Voice types in opera often differ to those in musical theatre, using much more vibrato – and are often much louder. This is because of the long history of the form, which was performed before microphones were created, so opera singers had to project over the orchestra without amplification.


Why do opera singers use so much vibrato?

Musical theatre is a comparably newer art form, so its singers are often given microphones to help them to be heard over a loud band or orchestra.

Vibrato has the effect of warming up the voice and helping it carry over a large orchestra and across a concert hall. It shifts the pitch and frequency of a note ever so slightly, but happens so quickly it is barely noticed. As a result, singers can achieve real volume and reach the back of a concert hall with their loud voices.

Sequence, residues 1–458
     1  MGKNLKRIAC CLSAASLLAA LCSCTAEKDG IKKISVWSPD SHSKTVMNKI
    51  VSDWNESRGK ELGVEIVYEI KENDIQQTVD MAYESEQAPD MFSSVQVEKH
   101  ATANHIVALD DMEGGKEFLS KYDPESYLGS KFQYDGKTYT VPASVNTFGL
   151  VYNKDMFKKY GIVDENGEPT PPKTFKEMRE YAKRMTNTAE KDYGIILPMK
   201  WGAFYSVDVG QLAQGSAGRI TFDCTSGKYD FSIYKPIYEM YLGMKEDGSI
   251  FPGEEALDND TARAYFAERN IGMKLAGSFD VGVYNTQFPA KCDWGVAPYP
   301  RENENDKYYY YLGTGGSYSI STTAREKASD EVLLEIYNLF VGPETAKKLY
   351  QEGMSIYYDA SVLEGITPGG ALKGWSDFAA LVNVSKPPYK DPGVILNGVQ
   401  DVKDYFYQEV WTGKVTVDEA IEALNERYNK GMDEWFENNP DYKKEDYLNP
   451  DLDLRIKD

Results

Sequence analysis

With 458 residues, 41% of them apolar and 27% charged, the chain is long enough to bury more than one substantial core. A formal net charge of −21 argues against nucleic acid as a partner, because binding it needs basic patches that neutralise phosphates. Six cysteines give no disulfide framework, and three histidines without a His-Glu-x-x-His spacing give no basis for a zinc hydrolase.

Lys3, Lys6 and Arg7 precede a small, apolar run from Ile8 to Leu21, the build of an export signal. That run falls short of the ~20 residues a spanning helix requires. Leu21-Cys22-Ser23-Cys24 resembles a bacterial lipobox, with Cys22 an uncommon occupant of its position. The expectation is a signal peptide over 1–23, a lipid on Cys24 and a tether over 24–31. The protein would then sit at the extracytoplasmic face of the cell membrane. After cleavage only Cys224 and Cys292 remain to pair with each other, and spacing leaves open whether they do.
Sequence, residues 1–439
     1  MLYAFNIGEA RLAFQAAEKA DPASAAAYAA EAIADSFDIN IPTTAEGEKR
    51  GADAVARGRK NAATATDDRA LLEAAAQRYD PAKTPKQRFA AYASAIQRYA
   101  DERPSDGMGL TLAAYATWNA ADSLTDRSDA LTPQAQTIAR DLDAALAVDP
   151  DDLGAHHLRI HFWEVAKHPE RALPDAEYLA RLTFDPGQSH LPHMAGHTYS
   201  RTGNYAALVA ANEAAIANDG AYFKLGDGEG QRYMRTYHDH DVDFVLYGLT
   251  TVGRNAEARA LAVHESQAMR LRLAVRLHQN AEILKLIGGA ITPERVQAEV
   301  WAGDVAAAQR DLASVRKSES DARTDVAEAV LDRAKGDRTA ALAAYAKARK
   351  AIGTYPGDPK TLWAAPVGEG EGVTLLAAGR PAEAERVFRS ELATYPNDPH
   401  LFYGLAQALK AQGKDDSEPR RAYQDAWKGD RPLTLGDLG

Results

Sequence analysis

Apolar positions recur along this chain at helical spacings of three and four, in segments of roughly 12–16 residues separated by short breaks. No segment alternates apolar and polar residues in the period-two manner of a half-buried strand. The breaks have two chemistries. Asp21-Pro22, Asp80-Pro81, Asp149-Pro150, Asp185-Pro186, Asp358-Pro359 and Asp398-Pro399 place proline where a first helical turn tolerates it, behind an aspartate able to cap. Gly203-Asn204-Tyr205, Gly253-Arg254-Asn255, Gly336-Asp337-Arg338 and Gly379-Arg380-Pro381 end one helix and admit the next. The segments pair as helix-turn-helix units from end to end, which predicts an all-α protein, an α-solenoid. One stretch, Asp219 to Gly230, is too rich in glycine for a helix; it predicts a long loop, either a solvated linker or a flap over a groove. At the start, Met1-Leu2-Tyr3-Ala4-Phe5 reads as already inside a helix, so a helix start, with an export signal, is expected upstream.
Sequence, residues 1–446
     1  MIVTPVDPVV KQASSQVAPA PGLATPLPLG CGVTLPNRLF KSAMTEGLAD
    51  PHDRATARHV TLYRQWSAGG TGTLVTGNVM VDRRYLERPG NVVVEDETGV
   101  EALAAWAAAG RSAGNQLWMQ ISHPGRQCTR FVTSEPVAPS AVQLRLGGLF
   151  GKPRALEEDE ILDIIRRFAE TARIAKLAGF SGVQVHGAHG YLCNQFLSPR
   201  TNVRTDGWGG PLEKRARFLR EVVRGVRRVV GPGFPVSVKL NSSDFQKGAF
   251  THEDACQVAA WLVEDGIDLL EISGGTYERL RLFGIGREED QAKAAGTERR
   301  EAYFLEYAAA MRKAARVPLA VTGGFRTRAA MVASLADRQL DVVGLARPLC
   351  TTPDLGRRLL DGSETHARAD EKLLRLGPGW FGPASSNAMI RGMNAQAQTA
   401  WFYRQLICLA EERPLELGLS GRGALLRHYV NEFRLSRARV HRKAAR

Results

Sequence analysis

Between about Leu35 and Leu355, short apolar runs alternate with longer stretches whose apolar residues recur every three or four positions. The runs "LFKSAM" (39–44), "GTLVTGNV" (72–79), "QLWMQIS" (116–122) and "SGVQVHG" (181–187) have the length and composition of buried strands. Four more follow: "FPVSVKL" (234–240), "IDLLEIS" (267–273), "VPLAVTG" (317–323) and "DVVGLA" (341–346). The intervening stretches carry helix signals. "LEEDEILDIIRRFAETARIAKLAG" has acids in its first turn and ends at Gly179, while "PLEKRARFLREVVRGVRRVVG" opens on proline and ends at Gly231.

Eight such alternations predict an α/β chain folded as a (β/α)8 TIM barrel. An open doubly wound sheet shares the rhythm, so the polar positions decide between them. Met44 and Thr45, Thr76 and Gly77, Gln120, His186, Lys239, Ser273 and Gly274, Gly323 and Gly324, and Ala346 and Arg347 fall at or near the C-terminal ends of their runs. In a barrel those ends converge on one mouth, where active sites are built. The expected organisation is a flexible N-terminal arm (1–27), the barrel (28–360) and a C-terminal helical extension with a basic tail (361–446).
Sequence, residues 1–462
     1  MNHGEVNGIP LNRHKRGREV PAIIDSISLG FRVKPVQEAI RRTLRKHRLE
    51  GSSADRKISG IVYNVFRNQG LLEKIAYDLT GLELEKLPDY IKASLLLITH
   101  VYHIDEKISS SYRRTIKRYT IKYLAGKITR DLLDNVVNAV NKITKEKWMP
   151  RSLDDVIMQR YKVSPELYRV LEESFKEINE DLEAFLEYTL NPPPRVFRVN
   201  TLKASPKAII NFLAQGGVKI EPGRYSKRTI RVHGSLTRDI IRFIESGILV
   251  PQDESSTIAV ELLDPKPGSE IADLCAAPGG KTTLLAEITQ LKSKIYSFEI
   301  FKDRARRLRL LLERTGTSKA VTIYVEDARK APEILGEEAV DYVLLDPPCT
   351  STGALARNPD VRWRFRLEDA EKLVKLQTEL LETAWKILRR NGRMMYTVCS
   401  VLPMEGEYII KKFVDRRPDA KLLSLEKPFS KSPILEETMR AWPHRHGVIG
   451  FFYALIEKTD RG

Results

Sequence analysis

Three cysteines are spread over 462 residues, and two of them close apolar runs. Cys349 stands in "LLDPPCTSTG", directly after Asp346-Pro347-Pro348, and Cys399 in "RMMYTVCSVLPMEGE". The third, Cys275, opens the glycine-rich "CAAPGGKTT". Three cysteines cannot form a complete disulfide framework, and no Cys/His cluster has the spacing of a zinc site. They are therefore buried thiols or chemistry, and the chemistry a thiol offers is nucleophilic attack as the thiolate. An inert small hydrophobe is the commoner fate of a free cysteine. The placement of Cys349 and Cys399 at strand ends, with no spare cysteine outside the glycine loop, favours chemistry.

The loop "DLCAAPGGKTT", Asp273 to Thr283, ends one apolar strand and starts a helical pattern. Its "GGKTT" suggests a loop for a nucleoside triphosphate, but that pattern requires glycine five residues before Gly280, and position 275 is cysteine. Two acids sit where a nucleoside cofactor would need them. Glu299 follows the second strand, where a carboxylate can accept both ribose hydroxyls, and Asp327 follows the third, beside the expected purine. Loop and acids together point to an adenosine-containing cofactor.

Vibrato is also used by string and wind instruments.

Which opera singers have the most powerful voices?

All successful opera singers will have voices that can travel well across an auditorium. But, for examples of opera singers with powerful and resonant voices, we would cite the likes of Luciano Pavarotti, Enrico Caruso, Maria Callas, Renee Fleming and Plácido Domingo.

We asked a panel of opera experts to name the greatest tenors of all time, and the greatest sopranos of all time.


The image at the top shows South African soprano Pretty Yende, whom we've profiled as she will be performing at King Charles's Coronation. Pic: Getty Images